By 2002, Casey and his injuries were interacting consistently. First, he continued to be hurt often. Second, he continued to hit feebly when hurt. He could maintain the average, but he could not drive the ball for extra bases. Or, he could drive the ball for extra bases, but he could not leg out those doubles.
Third and, I think, more interesting, is the fact that he continued to conceal his injuries. Casey’s conversations with the Cincinnati media consistently displayed a macho attitude about playing through pain.
I admire guys with high pain thresholds. I’m one of them, myself; it is cool to impress the doctors with an ability to endure pain. And hey, the less pain you feel, the less pain you feel. No one wants much pain in life.
That said, I’m not one to admire ballplayers who hurt their team by playing hurt. That’s not tough. It’s selfish. Ballplayers should take themselves out of the game if their injury significantly impairs their ability to perform. It's ironic that Sean Casey would have a much better reputation among performance analysts were he to cry, squeal, and miss time like J.D. Drew. He's never going to be like that, but Casey would help his team by being at least a little more unwilling to play through pain.
Let the record show, however, that Adam Dunn played 158 games in 2002. Despite the perception that the Reds were choosing Casey over Dunn, Casey did not cut into Dunn's playing time. Had Casey sat out those two months, his playing time would have gone to some one of Russell Branyan, Reggie Taylor, Jose Guillen, or Ruben Mateo. None of those guys had great years. If Casey hurt was truly the best available option for a non-contending team, that's an indictment of his organization for failing to provide adequate reserves.
The Reds finished 2002 at 78-84 in a year that saw the Cardinals run away with the Central. On June 1, the Reds were 46-61 and twenty games back. There was no good reason for Casey to continue playing hurt, but he did so anyway.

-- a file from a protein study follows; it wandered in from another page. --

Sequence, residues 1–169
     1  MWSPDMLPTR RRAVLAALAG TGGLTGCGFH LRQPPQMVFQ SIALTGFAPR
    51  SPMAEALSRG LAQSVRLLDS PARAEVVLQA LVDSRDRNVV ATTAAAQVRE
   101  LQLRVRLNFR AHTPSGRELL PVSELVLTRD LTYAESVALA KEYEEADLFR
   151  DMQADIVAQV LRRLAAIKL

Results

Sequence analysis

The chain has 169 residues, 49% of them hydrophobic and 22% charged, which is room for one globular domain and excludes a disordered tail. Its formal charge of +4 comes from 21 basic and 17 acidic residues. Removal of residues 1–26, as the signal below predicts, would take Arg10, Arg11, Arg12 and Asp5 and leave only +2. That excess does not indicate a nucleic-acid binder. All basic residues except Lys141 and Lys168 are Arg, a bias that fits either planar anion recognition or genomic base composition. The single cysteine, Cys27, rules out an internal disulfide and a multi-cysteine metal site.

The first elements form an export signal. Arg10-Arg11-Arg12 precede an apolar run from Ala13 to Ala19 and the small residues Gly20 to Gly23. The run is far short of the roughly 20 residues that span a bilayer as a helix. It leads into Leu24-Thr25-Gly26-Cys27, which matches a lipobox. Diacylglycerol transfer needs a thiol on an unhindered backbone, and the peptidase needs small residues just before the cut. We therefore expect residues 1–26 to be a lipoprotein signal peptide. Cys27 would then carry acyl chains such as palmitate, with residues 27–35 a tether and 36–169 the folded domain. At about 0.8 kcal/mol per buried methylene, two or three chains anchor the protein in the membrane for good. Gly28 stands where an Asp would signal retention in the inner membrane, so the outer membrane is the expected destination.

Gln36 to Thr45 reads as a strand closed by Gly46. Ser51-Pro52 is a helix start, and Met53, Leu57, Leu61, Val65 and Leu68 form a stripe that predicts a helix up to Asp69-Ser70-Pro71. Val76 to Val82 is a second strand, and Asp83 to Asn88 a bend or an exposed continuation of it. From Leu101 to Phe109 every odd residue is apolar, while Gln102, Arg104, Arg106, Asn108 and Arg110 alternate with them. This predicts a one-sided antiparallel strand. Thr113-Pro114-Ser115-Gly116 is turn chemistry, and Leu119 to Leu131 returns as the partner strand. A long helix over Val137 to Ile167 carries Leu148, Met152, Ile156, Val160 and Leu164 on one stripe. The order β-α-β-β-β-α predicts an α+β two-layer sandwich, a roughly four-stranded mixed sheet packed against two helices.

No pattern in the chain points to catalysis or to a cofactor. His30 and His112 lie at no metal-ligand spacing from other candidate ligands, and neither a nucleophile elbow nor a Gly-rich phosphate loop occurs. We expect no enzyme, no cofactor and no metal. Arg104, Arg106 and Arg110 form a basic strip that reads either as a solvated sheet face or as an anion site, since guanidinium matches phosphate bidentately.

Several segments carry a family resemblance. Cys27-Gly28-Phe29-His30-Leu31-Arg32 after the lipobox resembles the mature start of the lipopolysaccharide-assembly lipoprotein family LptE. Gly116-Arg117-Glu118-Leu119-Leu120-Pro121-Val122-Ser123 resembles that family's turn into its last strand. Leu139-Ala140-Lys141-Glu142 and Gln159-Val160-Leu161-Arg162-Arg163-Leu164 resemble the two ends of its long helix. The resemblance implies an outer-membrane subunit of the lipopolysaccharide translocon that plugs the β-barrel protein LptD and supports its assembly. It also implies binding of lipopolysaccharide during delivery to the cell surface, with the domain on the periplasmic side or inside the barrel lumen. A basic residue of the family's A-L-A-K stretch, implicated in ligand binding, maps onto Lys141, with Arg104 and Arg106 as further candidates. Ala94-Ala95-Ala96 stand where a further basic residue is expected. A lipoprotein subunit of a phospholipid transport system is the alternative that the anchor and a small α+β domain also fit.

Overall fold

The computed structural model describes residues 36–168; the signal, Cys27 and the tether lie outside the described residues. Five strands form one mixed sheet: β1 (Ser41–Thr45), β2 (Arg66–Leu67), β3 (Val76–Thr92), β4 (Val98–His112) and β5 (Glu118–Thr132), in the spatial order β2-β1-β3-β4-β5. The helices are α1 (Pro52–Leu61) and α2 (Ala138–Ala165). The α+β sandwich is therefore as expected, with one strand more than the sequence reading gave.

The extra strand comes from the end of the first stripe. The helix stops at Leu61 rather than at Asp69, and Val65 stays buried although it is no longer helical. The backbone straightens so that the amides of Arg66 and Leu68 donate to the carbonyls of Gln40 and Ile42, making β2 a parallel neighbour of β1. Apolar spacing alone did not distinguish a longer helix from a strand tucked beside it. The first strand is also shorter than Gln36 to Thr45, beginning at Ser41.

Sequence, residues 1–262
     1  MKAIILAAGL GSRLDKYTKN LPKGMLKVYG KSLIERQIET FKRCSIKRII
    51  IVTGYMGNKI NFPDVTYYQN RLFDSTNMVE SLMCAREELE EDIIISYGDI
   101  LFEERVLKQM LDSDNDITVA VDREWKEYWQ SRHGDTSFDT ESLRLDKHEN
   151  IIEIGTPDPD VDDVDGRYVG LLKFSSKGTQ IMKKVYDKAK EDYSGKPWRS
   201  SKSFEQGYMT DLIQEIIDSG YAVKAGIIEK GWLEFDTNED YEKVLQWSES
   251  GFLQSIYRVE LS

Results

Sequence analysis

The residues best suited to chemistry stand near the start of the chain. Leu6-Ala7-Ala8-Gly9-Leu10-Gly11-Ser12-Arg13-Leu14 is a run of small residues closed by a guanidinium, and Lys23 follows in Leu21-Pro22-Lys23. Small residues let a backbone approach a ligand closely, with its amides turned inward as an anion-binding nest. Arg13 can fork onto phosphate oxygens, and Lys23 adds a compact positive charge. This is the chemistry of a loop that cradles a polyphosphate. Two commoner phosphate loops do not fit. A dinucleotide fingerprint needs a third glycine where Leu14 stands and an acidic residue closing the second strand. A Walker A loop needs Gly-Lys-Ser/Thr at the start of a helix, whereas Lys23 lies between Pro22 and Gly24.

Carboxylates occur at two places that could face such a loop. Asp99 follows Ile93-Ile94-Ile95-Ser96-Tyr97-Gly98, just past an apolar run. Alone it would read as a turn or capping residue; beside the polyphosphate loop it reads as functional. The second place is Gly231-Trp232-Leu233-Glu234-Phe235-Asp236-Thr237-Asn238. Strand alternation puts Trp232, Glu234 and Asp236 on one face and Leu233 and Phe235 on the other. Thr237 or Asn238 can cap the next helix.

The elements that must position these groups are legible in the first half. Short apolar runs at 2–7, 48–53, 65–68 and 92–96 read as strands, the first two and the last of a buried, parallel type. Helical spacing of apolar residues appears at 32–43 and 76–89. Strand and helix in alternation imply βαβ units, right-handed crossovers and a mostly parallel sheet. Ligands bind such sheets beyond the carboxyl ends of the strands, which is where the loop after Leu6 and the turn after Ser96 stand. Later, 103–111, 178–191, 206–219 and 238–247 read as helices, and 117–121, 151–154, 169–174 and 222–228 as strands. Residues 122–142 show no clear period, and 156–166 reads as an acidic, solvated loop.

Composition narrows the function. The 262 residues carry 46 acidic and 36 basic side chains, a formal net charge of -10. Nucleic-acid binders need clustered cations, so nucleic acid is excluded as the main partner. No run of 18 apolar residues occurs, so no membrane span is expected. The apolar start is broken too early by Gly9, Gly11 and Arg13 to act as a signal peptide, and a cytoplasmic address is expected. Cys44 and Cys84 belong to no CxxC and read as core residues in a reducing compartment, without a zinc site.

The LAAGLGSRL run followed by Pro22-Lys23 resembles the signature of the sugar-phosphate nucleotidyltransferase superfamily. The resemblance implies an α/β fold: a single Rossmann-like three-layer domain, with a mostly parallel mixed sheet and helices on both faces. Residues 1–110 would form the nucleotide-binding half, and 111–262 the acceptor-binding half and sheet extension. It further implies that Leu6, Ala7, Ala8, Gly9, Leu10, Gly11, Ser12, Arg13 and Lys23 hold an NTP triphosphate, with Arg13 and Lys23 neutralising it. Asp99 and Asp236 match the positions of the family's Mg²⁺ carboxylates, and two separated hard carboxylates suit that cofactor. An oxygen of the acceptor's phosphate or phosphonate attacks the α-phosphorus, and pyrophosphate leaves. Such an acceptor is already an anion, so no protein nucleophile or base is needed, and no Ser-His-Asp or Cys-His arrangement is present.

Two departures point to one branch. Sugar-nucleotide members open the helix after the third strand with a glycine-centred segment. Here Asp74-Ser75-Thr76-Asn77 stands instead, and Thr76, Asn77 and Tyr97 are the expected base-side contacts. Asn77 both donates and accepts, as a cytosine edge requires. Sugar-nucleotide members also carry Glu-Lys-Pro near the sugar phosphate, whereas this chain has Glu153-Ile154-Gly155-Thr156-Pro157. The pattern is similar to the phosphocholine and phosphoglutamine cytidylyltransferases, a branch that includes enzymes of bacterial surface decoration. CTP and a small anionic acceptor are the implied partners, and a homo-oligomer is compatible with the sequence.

After enduring a 1-for-22 slump to end a .133 July, Casey went on the 15-day DL with a sore shoulder. He came back in August for another four weeks. In September, they operated on his left shoulder. The surgeon found a torn labrum and a torn rotator cuff. They sewed him up, and the season went down as one in which Casey only hit .261 / .334 / .362 line in 120 games.
2003 and 2004
The following February, Hal McCoy lionized Casey in the Dayton Daily News for, basically, hiding the injury in 2002 and inflicting a suck-ass hitting performance on his teammates. “Because Casey smiles through the darkest of days without a whimper, few suspected anything,” McCoy wrote. You don’t have to be a hard-boiled fan to get sick on that spin. More disturbing for me, though, is the fact that (according to McCoy) Casey had “secretly” received a cortisone shot in the shoulder so he could continue to go out there, all gimpy, and more or less suck.
At the end of March, 2003, Casey looked healthy and very good at the plate. The Reds opened their new ballpark. FWIW, in an interesting and prescient remark, Will Carroll, in one of his Baseball Prospectus reports, cautioned his audience – on the advice of one his “smart readers” – not to expect the ballpark to help Casey’s power numbers. Many people guessed (correctly) then that GAB would be a hitter’s park whose short right-field porch would favor left-handed home run hitters, but Carroll wr0te then that “Casey’s power is mostly to the opposite field.” Casey would often explain himself as someone who “is a high-average guy, a guy who hits the balls in the gaps.” As I wrote about in a previous post, Casey did not thrive in the GAB.